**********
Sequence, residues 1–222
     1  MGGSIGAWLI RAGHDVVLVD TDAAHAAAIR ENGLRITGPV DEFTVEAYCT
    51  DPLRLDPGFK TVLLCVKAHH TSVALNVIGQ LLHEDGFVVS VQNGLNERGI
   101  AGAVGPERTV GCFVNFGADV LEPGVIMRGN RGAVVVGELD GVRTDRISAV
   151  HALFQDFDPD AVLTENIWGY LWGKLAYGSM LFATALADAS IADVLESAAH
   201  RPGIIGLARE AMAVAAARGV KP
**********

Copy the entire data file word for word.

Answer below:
Sequence, residues 1–222
     1  MGGSIGAWLI RAGHDVVLVD TDAAHAAAIR ENGLRITGPV DEFTVEAYCT
    51  DPLRLDPGFK TVLLCVKAHH TSVALNVIGQ LLHEDGFVVS VQNGLNERGI
   101  AGAVGPERTV GCFVNFGADV LEPGVIMRGN RGAVVVGELD GVRTDRISAV
   151  HALFQDFDPD AVLTENIWGY LWGKLAYGSM LFATALADAS IADVLESAAH
   201  RPGIIGLARE AMAVAAARGV KP